Asset Allocation Weekly (June 7, 2019)
by Asset Allocation Committee
Monetary policymakers are facing divergent trends that complicate future policy actions.
Financial markets are signaling that the policy rate needs to be cut immediately.
The chart on the left shows the implied three-month LIBOR rate, two-years deferred, from the Eurodollar futures market. Last October, the implied rate was around 3.30%; it has fallen sharply to 1.625%, a decline of nearly 70 bps. The chart on the right compares that implied rate to the fed funds target. History shows the Fed has tended to cut the target rate when the implied rate inverts relative to the policy rate (shown on the upper line). The spread has widened considerably, meaning the Fed should be moving to cut rates soon. This data would suggest the longer policymakers wait, the higher the probability of a recession.
Current economic conditions probably don’t warrant a rate reduction.
This chart shows the NY FRB recession indicator, which projects the odds of recession 12 months out and the Atlanta FRB GDP-based recession indicator. In general, combining the two indicators reduces the chance of a false positive, namely, predicting a recession that doesn’t occur. We use the 20% threshold as a warning sign; if both indicators are above 20% then a recession warning is warranted. The only false positive that was triggered with the 20% threshold was in 1995 and that event was considered a rare “soft landing.” As the first chart shows, in 1995, the Greenspan Fed did cut rates and this action probably extended the expansion. The current reading of these two indicators suggests caution, but the economic data is not signaling that a downturn is imminent. And, as a cautionary tale, we had a similar configuration in the data in 1997-98. The Fed did ease in that event, in part driven by the LTCM Crisis, and that easing is often blamed for stoking the tech bubble in 1999.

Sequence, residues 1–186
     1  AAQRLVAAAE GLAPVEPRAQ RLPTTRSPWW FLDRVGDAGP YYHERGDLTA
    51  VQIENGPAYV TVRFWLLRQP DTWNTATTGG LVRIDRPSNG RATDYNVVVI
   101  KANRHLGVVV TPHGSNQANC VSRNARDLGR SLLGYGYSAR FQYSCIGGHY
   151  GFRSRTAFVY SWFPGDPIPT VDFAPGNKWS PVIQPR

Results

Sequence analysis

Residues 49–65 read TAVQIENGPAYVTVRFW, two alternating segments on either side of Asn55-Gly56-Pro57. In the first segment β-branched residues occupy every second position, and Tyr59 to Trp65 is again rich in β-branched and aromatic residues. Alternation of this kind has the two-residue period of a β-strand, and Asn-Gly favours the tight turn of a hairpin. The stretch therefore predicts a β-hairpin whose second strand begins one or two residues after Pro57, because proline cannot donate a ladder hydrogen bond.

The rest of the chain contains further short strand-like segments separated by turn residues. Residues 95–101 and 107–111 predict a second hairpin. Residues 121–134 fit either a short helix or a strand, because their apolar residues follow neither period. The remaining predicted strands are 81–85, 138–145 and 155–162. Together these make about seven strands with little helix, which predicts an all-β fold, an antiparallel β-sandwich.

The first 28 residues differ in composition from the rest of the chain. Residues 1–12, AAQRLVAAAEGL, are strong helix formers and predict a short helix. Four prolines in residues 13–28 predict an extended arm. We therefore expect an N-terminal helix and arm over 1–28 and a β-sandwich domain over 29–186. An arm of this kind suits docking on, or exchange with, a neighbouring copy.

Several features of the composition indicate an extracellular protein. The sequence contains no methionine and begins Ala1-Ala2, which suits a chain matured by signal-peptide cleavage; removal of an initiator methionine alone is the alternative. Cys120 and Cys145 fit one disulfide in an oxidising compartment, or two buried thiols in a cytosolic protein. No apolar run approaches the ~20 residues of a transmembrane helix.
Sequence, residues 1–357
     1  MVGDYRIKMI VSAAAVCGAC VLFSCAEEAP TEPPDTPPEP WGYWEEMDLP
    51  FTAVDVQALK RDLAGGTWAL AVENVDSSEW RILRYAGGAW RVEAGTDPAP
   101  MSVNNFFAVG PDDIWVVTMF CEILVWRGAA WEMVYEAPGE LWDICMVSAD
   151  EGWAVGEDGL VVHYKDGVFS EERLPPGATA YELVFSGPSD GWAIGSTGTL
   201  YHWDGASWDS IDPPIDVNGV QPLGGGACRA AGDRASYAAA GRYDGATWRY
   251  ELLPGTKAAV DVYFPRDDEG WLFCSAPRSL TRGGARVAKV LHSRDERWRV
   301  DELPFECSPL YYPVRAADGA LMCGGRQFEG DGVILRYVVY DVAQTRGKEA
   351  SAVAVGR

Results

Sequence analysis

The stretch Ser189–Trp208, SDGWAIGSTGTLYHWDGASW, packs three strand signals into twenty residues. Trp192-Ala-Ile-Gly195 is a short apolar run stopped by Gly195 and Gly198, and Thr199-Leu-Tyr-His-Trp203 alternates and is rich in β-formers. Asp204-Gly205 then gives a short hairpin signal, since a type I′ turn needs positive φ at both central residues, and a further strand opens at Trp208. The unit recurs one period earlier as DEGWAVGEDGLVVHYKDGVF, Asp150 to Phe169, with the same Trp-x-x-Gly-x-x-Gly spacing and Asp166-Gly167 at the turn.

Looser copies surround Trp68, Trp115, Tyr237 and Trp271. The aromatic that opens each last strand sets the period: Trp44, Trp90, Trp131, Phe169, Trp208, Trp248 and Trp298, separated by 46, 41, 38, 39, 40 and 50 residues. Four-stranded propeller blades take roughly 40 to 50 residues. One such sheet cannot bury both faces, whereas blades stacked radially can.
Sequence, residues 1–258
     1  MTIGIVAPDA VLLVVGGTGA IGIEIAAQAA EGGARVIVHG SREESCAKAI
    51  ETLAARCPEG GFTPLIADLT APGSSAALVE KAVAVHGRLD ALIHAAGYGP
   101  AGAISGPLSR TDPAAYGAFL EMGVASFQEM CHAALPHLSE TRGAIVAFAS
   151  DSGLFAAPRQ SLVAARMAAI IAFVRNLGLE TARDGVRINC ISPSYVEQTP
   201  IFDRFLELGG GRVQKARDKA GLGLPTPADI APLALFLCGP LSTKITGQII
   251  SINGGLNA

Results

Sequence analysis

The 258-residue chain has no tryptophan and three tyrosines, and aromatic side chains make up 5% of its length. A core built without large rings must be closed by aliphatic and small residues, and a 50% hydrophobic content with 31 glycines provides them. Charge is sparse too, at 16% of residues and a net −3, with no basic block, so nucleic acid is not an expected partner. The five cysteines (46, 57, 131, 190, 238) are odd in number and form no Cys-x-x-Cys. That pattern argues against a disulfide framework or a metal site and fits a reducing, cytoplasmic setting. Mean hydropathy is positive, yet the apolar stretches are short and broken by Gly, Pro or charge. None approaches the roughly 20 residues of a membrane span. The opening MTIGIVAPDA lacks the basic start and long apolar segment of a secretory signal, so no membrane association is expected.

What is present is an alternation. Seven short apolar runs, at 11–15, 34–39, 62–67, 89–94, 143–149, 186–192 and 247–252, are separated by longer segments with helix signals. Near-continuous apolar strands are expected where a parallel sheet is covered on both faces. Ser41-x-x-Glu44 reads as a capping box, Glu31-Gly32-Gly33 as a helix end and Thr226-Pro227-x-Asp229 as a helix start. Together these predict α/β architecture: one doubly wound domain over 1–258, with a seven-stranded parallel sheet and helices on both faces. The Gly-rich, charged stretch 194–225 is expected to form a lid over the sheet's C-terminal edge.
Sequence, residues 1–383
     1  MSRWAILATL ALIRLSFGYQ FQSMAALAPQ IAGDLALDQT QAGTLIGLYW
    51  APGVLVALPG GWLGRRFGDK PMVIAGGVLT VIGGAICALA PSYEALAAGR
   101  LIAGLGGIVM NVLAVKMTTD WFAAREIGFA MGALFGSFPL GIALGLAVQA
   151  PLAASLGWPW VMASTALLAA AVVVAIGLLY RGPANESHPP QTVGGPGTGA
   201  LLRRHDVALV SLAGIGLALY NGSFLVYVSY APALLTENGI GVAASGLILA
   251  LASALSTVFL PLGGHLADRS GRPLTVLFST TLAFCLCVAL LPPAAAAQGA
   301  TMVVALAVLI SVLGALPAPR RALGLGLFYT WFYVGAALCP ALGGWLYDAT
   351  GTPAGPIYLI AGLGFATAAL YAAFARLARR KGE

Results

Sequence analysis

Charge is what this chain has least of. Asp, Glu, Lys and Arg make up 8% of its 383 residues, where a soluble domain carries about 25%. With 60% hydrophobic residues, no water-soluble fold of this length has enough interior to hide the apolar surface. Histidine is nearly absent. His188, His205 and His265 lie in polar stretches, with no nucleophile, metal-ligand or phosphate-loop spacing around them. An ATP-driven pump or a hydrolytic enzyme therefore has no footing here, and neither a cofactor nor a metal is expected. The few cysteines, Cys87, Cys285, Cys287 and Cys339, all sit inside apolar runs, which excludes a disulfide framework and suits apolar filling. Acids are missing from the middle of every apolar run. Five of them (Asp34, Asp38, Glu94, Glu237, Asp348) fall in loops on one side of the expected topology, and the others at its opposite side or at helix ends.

Inflation remains controlled, but tariffs could affect prices.
This chart compares the ISM Manufacturing Index to core CPI. The ISM index tends to lead inflation by two years. Comparing core CPI to the ISM Manufacturing Index suggests that inflation might lift in the coming months but should not overshoot by a wide margin. However, it is important to note that tariffs are a form of consumption tax. While the incidence of the tax does not automatically fall to the consumer (the producer or importer could absorb the cost, cutting profit margins, or the dollar could appreciate and offset the tariff), there is the possibility of an unexpected rise in inflation.
These three issues will likely keep the FOMC on hold in the near term. If that analysis is correct, the chances of recession will tend to rise in the coming months.